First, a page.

Hours later when basking in the afterglow of another dream session, it occurs to us that we could very easily just stay here in this 7-star resort with its world-class waves.
“Maybe The Search is over? Maybe it’s already been found?” – muses Conner.
“Not bloody likely” - The Ocean responds. Our guide has just caught wind of a swell about to hit a day south of here, so we quickly snap out of our spoiled reverie and re-board the boat. In the distance, storm clouds dance above deep turquoise seas and a feeling of electricity sweeps over us all. As we raise the anchor and set sail for the vast unknown, Mick snaps a sunset selfie with a beer in hand and texts it to Gabby, “Wish you were here brother”.
Just before our reception dies and all ties to civilisation are lost, he responds with a disheveled portrait of someone who has just travelled for 48 hours and is in dire need of a shower. I think it’s pretty safe to say that he wishes he were too.
It’s 9am on Day Three and we’re sunburnt and out of sorts. The wave we just travelled 8 hours to surf isn’t exactly the 5-6ft slab that the forecast promised, and we’re about as far away from any alternatives as anyone on the planet.
By late afternoon, the boredom becomes unbearable and Wilko and Conner commandeer the dinghy in search of something, anything, to keep it at bay. Across the channel they find a tugboat carrying a concrete barge that’s run aground on shallow reef. Our guide says it used to be a good left, but the tugboat fairly well fucked it. Still, it’s not that often that you get to surf a wave that has a concrete barge in the middle of it, so the boys paddle in to see what they can make of it.
At first? Not much. The barge seems to sap the energy from the wave, leaving it wobbly and weak. Mick soon decides to approach it from another angle, and with a board in hand and nothing but an algae covered rope for support, he scrambles his way to the top of the barge and jumps onto the wave from above. Wilko and Conner follow suit, and the afternoon becomes a fierce battle of who can do the most impressive barge jump without breaking their knees. It’s not the most conventional surf shoot I’ve ever witnessed, but hey, at least it keeps us sane.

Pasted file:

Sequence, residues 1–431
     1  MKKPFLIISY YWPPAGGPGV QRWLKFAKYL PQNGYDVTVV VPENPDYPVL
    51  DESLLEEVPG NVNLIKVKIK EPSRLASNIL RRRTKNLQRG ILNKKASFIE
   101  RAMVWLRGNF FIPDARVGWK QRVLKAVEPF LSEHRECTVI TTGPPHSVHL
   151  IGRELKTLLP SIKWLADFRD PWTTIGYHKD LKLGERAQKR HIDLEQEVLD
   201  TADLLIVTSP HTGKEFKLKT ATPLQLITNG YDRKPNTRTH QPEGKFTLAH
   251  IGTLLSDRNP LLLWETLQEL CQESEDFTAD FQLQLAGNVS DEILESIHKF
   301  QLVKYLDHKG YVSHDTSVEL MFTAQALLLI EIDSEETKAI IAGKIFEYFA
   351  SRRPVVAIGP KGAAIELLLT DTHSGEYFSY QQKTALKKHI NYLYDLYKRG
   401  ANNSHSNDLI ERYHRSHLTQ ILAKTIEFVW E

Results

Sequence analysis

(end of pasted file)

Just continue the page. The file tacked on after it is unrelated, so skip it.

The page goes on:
It’s 9am on Day Four and nobody has had a wink of sleep. Every boat trip has that one night where shit is flying out of cupboards and somebody is violently ill, and last night was our night. Since the swell dropped in the Southern Atolls, we made the decision to start the long journey north in the hopes of scoring Lohis or Sultans before it fades to nothing.
Mother Nature howled prophetically all through the night, so it’s little surprise when we arrive to 1ft waves and rain so thick you could actually drown.
“Preparing to board our long flight home the next day, it occurs to me that this is the very essence of The Search.”
Our last day in the Maldives evaporates before us as we sip on coffees that gradually morph into something a little stronger. When the clock strikes midnight and we say our final cheers before bed, there are questions still lingering amongst leftover ice cubes; in the spaces between the lashing raindrops. Did we make the most of it? Did we follow the right swells? Should we have surfed more? Less? Harder? Better? If Gabby had just one more week left on his passport, would everything have been different?
Preparing to board our long flight home the next day, it occurs to me that this is the very essence of The Search. No matter how good the swell was, how much fun was had, how perfect the weather - there will always be a part of you that wonders what more could have been explored. You can search for a lifetime for the perfect break or the perfect session, but the answers can only be found in fleeting instants, like sand captured in the palm of your hand that will eventually fall away.
I check my Instagram one last time and see a photo of Gabby sitting comfortably at home with his dog, wearing the shorts he was meant to be shooting on this trip.
“I missed you.” – He writes.
And even though the sentiment is not aimed at us – hell - not even aimed at our species; and even though I can already hear the onslaught of shit that the boys are going to give him when they see him next, it’s safe to say that the feeling is most definitely mutual.
Words written by Anna Jordan